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It may be the offseason in League of Legends as the fanbase waits for the Midseason Invitational with bated breath, but there’s never a break in fantasy analysis.
Today we’re going to look at two of the best mid laners in the LCS: Søren “Bjergsen” Bjerg and Nicolaj Jensen. The two Danish dynamos are fantasy superstars, consistently posting huge numbers game in and game out since they entered the league. But which player is a more consistent winner in your fantasy lineup?
We’re going to take a look at their current and past performance to find out.
We’ll be looking at their fantasy performance dating back to 2016, the sum of stats available on the lolesports site. We’ll use Skrilla scoring, but ignore bonus categories like pentakills as they are not good predictors of future performance. We’ll also ignore the team portion of scoring, as we’re trying to get at the individual performance of these players.
Tale of the Tape
Bjergsen, 22, is the greatest mid laner in Western League of Legends. Hand-picked by Team SoloMid to continue their dynasty, Bjergsen came to North America as a teenager in 2013 and lead TSM to five LCS titles.
Jensen, 23, started his competitive career later because he was permanently banned from League of Legends, leading to his growing legend as the best player outside the LCS. Reinstated midway through 2015, Cloud9 picked him to replace long-time leader Hai Lam. Jensen emerged as one of the game’s best mid laners, leading Cloud9 to Worlds all three years he’s been with the team.
Both players are incredible talents, performing at an elite level since almost the moment they entered the league. That’s no more evident than in their ridiculous fantasy numbers. Since 2016, Bjergsen has averaged 32.24 Skrilla Points Per Game (SKPPG). Jensen is slightly better at 32.36 SKPPG.
For some context, let’s look at the totals of two mid laners who have lead the league in fantasy scoring during that time period. Eugene “Pobelter” Park outscored both Jensen and Bjergsen in his Summer 2016 season on Immortals, but he averages just 29.69 SKPPG since 2016 overall.
This season, Echo Fox’s Kim “Fenix” Jae Hun topped both our challengers, but he only averages 28.41 SKPPG since 2016.
Fenix and Pobelter benefit from outlier seasons where their teams featured an extremely fast and kill-heavy style of play, leading to big fantasy numbers. But those teams and players were unable to replicate that success year-to-year.
Jensen and Bjergsen also top Europe’s fantasy contenders. Luka “Perkz” Perkovic, whose reign as Europe’s five-time champion finally ended this season, has averaged 28.29 SKPPG since 2016. Fabian “Febiven” Diepstraten, who defected to North America this season, posts 27.65 SKPPG.
So it’s clear Bjergsen and Jensen are on another level compared to their peers, but their own individual scoring is eerily similar. How do we pick one or the other?
We can compare recent performance. Jensen topped Bjergsen’s scoring in both seasons in 2017, but this split Bjergsen is back on top. Jensen clocked in at 27.92 SKPPG while Bjergsen put up 28.49 SKPPG.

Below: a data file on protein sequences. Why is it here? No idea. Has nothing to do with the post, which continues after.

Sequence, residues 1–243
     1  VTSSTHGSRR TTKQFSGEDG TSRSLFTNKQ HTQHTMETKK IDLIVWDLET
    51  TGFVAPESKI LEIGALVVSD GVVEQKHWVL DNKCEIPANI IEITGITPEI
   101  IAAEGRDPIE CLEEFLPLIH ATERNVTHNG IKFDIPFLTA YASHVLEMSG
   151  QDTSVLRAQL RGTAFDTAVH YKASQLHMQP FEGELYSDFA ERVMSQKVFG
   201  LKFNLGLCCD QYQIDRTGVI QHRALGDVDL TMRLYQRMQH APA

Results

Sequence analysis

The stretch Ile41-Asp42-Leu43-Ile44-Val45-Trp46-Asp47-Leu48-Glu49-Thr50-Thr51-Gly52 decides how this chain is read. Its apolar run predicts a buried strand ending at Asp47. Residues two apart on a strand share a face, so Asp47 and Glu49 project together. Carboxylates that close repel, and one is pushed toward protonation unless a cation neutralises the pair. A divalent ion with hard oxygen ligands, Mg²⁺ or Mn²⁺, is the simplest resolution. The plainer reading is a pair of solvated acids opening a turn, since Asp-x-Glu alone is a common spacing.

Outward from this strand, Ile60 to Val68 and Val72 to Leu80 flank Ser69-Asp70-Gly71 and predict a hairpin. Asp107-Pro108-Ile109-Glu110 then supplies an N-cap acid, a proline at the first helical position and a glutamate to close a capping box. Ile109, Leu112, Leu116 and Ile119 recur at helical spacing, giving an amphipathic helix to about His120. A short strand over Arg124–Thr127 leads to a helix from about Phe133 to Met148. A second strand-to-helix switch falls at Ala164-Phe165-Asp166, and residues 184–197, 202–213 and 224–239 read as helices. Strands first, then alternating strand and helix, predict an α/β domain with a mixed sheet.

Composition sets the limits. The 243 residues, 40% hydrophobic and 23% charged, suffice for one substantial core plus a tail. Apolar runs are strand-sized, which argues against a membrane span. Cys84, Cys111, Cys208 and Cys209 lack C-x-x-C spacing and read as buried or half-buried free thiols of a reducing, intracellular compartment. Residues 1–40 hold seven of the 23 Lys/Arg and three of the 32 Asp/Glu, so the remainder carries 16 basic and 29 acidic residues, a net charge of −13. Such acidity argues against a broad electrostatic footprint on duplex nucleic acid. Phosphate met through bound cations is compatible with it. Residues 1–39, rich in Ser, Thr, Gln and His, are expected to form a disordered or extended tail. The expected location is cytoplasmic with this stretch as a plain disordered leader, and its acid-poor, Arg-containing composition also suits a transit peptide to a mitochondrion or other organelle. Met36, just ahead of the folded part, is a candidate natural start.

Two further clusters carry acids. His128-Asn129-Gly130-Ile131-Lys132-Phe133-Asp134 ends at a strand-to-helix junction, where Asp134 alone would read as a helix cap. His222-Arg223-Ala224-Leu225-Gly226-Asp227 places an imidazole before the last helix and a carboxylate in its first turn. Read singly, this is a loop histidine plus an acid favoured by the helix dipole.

Those numbers are well below their career averages, but that follows a league-wide trend: Fantasy scoring is down overall this split thanks to the current metagame. Both players featured big KDA numbers, big CS tallies, and their usual stellar Kill Participation marks, but it didn’t translate to as many points as it has in the past.
That also may be due to the relative strength of their teams. Neither Cloud9 nor TSM put together a dominant season despite strong play from their mid lanes. That suppresses fantasy scoring.
In terms of their supporting casts, TSM features a superstar lineup after importing the LCS winning bottom lane from G2 Esports. But it didn’t produce the expected results this split. If TSM can change that heading into Summer, Bjergsen should benefit from a more talented lineup than Jensen. But Cloud9 still has potential to improve their roster this offseason, too.
Picking between Jensen and Bjergsen for a fantasy lineup is a luxury considering both are the elite players at their position in the LCS. Choosing one for next season will depend on what TSM and Cloud9 do to improve the supporting cast around each player. The two are surprisingly equivalent statistically, from their KDAs to death rates to kill participation and of course fantasy scoring.
If we had a gun to our head, we’d take Bjergsen. He may be younger, but in many ways he’s the more mature player, even if Jensen is now a veteran three years after he was finally allowed to compete. Jensen’s had growing pains, suffering through a poor rookie season in 2015. Bjergsen has never had a significant dip in performance. There’s no reason to think Jensen will in the future, Bjergsen is still the every-so-slightly safer bet.
For daily fantasy, value is the name of the game, so picking one of these players will come down to the matchup and their salary. Both will take a chunk out of your budget, but both are worth it. You usually can’t win daily fantasy with only value picks. Sometimes you need to pay for tip top production, and you can’t go wrong with Bjergsen or Jensen.